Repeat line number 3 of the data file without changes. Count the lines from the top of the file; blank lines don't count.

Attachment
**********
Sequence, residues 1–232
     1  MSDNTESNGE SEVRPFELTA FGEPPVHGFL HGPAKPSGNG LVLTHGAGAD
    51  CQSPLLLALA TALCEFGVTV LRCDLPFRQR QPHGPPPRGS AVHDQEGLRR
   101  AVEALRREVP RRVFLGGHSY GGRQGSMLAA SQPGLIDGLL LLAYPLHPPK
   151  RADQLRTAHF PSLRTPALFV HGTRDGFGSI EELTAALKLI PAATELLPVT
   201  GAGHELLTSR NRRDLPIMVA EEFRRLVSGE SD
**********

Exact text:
    51  CQSPLLLALA TALCEFGVTV LRCDLPFRQR QPHGPPPRGS AVHDQEGLRR